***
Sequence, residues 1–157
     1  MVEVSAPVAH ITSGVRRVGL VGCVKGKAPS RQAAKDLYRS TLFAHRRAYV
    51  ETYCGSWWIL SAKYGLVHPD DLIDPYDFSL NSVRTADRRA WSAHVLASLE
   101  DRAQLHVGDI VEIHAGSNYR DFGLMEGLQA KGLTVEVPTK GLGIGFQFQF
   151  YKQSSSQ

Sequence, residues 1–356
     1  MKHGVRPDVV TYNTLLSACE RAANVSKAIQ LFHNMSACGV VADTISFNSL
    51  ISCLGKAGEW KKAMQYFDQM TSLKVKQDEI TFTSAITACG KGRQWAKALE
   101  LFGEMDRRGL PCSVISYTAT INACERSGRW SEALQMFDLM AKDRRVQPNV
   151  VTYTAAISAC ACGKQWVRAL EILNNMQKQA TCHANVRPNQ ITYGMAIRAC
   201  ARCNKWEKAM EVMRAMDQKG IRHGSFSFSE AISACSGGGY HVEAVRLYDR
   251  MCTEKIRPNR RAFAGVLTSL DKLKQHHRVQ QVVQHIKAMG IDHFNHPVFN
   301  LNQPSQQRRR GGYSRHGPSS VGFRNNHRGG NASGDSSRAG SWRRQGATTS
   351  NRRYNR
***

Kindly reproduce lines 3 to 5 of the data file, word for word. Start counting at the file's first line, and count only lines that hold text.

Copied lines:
    51  ETYCGSWWIL SAKYGLVHPD DLIDPYDFSL NSVRTADRRA WSAHVLASLE
   101  DRAQLHVGDI VEIHAGSNYR DFGLMEGLQA KGLTVEVPTK GLGIGFQFQF
   151  YKQSSSQ